The German delivery firm has beaten Amazon and Google to the punch, with both companies still at the test stage for their own drone services. Google last month revealed its 'Project Wing' service, currently being tested in Australia, while Amazon said it hopes to have a commercial service up and running by 2018.
DHL will run a month-long pilot project to take orders from the island of Juist, located off the north-western coast of Germany. Islanders will be able to place orders with the local Seehunder pharmacy, and DHL will fly the goods from the harbour town of Norddeich, 12km away.
Depending on weather conditions, DHL's paketkopter, or parcelcopter, will fly the route to from Norddeich to Juist. Goods will be protected by a waterproof container, and a DHL courier on Juist will deliver the goods to the recipient.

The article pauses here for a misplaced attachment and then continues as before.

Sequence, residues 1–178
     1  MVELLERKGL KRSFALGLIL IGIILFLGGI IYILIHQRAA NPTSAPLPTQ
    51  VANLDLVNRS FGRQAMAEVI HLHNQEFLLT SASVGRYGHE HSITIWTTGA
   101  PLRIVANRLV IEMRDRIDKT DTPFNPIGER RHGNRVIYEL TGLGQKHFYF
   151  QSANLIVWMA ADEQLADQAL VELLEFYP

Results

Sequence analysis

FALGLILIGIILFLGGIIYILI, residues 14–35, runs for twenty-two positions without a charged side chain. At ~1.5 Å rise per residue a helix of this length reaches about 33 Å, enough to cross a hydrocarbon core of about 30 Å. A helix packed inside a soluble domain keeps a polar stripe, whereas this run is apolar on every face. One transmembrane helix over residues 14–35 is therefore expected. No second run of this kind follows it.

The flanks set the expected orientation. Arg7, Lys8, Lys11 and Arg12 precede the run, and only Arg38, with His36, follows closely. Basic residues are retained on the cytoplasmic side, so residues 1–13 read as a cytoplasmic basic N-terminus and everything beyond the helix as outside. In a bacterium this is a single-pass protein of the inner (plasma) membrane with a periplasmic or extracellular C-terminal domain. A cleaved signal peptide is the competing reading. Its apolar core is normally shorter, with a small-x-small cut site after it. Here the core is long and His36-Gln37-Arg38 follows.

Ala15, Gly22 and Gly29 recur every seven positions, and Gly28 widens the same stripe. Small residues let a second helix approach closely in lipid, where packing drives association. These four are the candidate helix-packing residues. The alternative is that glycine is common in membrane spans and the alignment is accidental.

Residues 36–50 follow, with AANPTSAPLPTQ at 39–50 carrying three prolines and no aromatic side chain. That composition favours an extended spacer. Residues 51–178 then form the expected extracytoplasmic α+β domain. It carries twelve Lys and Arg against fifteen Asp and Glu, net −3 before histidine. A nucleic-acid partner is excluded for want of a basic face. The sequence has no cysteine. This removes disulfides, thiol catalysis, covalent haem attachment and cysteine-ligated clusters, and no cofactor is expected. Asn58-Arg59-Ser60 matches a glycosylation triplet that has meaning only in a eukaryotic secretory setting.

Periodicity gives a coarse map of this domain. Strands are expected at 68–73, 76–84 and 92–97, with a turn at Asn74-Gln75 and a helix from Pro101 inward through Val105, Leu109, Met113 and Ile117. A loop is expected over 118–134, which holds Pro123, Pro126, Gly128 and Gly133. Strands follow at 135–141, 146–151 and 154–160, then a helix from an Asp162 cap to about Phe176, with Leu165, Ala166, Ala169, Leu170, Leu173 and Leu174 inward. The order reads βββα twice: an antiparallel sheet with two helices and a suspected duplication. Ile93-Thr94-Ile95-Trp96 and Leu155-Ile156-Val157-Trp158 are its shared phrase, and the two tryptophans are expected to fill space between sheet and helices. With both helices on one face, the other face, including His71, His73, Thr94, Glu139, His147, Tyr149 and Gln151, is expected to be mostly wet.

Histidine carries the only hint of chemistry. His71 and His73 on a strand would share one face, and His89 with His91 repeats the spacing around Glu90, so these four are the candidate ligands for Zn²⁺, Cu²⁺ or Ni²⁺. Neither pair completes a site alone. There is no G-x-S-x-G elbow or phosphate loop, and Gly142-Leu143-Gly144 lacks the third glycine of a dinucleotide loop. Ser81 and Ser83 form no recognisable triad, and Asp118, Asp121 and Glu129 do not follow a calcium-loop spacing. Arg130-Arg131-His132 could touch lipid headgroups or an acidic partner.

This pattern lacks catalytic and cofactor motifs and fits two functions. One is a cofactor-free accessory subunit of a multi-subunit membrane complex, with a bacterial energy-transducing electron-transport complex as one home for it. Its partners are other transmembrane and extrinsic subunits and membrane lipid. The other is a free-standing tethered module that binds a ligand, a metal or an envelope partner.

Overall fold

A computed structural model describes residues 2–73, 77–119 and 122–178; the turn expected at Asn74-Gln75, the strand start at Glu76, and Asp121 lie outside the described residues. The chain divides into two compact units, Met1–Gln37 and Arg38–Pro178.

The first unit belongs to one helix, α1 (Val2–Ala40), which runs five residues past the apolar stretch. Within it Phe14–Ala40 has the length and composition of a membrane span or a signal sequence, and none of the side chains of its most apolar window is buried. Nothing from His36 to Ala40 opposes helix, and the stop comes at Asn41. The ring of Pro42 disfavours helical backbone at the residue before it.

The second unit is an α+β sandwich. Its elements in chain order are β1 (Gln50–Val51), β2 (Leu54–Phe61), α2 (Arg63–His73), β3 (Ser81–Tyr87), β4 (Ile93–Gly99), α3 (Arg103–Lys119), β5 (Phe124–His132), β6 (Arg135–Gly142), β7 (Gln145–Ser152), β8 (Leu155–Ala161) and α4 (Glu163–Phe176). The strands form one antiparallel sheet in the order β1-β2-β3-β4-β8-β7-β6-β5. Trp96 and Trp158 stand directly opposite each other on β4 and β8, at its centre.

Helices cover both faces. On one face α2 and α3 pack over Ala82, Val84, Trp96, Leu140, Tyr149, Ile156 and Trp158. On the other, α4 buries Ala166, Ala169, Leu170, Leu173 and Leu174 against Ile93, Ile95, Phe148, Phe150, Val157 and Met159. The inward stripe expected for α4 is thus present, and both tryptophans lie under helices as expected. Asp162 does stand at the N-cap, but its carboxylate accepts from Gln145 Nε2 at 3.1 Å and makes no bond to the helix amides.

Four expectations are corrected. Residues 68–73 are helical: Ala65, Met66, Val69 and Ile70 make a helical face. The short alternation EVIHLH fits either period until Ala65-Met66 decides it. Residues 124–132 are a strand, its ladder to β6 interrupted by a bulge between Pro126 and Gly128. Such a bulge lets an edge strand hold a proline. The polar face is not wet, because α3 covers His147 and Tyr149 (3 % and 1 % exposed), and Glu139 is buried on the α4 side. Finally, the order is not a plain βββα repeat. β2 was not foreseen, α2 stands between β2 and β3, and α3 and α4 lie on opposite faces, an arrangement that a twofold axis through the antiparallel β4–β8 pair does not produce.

The drone will maintain contact with air traffic control throughout its flight, and fly under 50m to avoid entering regulated air space. It isn't clear what will happen if the drone and its goods fall foul of the weather, but DHL said the drone will be "constantly monitored" by a ground station, which will take over manually if anything should happen.
DHL claims this is the first time a commercial drone will operate outside the pilot's field of vision. The process will also be fully automated – meaning the pilot won't actually be controlling the drone during its flight.
Amazon and Google have pointed to local regulatory barriers preventing their drone services going commercial, with fully autonomous commercial drones still illegal both in the UK and US. The US Federal Aviation Administration in June said it would ban delivery drones, although it also plans to revisit its rules next year.